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29 January 2019 | Story Xolisa Mnukwa | Photo Anja Aucamp
Prof Francis Petersen speech
“We can create an institution that operates and lives in the times of embracing and celebrating diversity, inclusivity, and academic excellence by ensuring that students own their time at university,” said Prof Francis Petersen.

25 January 2019 marked the official welcoming of the University of the Free State’s (UFS) first-year students, as they moved into their respective residences and were warmly welcomed on the UFS Bloemfontein Campus. This day also marked the start of the registration process for first-year students.

According to first-year Psychology student Keisha Claasen, who moved into her residence earlier on 25 January, her first experience of the UFS was daunting but exciting, as she had never been in a similar environment. According to Given Gwerera, who dropped his son off at the Karee residence earlier the day, “the UFS is an institution with great culture and an overall good academic record.” He further explained that he trusts his son to make full use of the opportunities presented to him, as he has a cool head on his shoulders.

On the evening of 25 January, an eager group of millennials, joined by their parents, took the first sip from their cup of varsity life as they assembled on the Red Square of the Bloemfontein Campus to meet the Rector and Vice-Chancellor, Prof Francis Petersen, members of Rectorate, the deans of all faculties, and the Student Representative Council (SRC) of the UFS.

“2019 will be a year of continued change; the UFS is thrilled about the prospect of bringing about opportunities for adaptation and realignment to the future,” said Prof Francis Petersen.

He further explained that the university prides itself in moulding its students into well-rounded individuals who will develop into globally competitive graduates as required in a diversity of landscapes. Prof Petersen urged first-years to remain open to the technological developments that go with globalisation, because of its permanent effects on society today.

First-years were further advised to take advantage of the rich pool of academic research and knowledge that is characteristic of the university and is piloted by UFS scholars, by engaging with and learning from them.

The inspiring night concluded on a colourful note, as the audience enjoyed an artistic laser show in front of the Main Building. Caption:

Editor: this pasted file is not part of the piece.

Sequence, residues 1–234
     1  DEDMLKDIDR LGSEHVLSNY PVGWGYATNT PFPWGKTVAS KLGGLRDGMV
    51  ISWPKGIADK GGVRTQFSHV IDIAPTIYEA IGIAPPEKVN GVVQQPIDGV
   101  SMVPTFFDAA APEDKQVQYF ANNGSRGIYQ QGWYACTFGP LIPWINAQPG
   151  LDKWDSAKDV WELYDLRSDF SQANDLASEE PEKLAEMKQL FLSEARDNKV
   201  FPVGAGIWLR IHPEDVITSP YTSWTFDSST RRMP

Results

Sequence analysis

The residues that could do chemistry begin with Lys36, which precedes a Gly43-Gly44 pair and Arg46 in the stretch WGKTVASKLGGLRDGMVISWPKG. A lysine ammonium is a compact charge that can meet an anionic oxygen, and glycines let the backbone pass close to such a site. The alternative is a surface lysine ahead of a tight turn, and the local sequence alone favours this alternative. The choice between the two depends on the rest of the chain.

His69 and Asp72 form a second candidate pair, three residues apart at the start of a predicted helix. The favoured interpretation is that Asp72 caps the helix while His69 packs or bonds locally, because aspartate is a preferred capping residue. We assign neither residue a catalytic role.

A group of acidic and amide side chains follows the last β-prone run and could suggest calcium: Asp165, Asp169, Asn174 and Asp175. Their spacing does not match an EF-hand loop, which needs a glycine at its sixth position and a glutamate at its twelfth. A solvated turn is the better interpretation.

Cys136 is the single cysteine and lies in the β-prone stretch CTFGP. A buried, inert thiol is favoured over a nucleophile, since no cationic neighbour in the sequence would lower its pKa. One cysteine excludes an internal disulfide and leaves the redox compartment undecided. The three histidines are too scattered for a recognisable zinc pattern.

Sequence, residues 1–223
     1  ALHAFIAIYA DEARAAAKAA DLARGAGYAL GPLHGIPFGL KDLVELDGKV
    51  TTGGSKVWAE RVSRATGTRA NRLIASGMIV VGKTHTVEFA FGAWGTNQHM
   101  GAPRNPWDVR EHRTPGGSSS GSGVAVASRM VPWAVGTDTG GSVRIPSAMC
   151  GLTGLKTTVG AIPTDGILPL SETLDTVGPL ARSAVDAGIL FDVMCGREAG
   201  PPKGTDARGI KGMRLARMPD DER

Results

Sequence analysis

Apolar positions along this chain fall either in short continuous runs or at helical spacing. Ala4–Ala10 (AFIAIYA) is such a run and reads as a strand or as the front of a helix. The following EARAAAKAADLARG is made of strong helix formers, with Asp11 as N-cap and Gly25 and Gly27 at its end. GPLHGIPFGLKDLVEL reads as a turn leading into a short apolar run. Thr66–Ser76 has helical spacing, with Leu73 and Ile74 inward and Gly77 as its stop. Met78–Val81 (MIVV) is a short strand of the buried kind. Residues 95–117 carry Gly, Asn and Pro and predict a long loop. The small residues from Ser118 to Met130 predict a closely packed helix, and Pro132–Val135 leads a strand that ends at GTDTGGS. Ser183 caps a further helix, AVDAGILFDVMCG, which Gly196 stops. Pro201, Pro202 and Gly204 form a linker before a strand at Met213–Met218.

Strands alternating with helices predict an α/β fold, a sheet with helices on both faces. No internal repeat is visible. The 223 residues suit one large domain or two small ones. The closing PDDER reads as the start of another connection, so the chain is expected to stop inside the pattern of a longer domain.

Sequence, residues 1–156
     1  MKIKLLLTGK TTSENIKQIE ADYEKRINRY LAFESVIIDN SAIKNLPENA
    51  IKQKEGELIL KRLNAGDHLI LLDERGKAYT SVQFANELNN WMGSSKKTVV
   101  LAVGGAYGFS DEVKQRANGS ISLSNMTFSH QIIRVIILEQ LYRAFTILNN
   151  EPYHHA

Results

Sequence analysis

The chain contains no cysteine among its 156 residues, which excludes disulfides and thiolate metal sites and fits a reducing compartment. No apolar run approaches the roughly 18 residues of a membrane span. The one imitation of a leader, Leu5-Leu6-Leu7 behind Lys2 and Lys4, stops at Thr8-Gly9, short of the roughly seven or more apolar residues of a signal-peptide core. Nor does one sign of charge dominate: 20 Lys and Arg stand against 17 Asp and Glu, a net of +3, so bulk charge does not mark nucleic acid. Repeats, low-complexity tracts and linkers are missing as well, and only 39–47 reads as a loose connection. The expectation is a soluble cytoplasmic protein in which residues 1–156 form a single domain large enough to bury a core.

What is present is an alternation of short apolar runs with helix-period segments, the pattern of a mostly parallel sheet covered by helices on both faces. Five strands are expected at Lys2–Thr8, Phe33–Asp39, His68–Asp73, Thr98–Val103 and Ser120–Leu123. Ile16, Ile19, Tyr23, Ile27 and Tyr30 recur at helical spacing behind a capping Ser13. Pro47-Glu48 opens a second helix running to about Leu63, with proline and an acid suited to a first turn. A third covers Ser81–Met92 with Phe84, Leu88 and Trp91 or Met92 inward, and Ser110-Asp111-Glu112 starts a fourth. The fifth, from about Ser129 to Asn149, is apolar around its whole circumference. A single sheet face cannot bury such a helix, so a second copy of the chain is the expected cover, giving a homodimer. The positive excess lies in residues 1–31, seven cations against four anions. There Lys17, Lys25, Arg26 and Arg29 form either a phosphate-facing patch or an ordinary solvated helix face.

“UFS academics conduct research that forces the world to take note,” said Prof Francis Petersen at the official first-year welcoming ceremony on the UFS Bloemfontein Campus.

News Archive

Census 2011 overshadowed by vuvuzela announcements
2012-11-20

Mike Schüssler, economist
Photo: Hannes Pieterse
15 November 2012

Census 2011 contains good statistics but these are overshadowed by vuvuzela announcements and a selective approach, economist Mike Schüssler said at a presentation at the UFS.

“Why highlight one inequality and not another success factor? Is Government that negative about itself?” Mr Schüssler, owner of Economist.co.za, asked.

“Why is all the good news such as home ownership, water, lights, cars, cellphones, etc. put on the back burner? For example, we have more rooms than people in our primary residence. Data shows that a third of Africans have a second home. Why are some statistics that are racially based not made available, e.g. orphans? So are “bad” statistics not always presented?”

He highlighted statistics that did not get the necessary attention in the media. One such statistic is that black South Africans earn 46% of all income compared to 39% of whites. The census also showed that black South Africans fully own nearly ten times the amount of houses that whites do. Another statistic is that black South Africans are the only population group to have a younger median age. “This is against worldwide trends and in all likelihood has to do with AIDS. It is killing black South Africans more than other race groups.”

Mr Schüssler also gave insight into education. He said education does count when earnings are taken into account. “I could easily say that the average degree earns nearly five times more than a matric and the average matric earns twice the pay of a grade 11.”

He also mentioned that people lie in surveys. On the expenditure side he said, “People apparently do not admit that they gamble or drink or smoke when asked. They also do not eat out but when looking at industry and sector sales, this is exposed and the CPI is, for example, reweighted. They forget their food expenditure and brag about their cars. They seemingly spend massively on houses but little on maintenance. They spend more than they earn.”

“On income, the lie is that people forget or do not know the difference between gross and net salaries. People forget garnishee orders, loan repayments and certainly do not have an idea what companies pay on their behalf to pensions and medical aid. People want to keep getting social grants so they are more motivated to forget income. People are scared of taxes too so they lower income when asked. They spend more than they earn in many categories.”

On household assets Mr Schüssler said South Africans are asset rich but income poor. Over 8,3 million black African families stay in brick or concrete houses out of a total of 11,2 million total. About 4,9 million black families own their own home fully while only 502 000 whites do (fully paid off or nearly ten times more black families own their own homes fully). Just over 880 000 black South Africans are paying off their homes while 518 000 white families are.

Other interesting statistics are that 13,2 million people work, 22,5 million have bank accounts, 19,6 million have credit records. Thirty percent of households have cars, 90% of households have cellphones and 80% of households have TVs.
 

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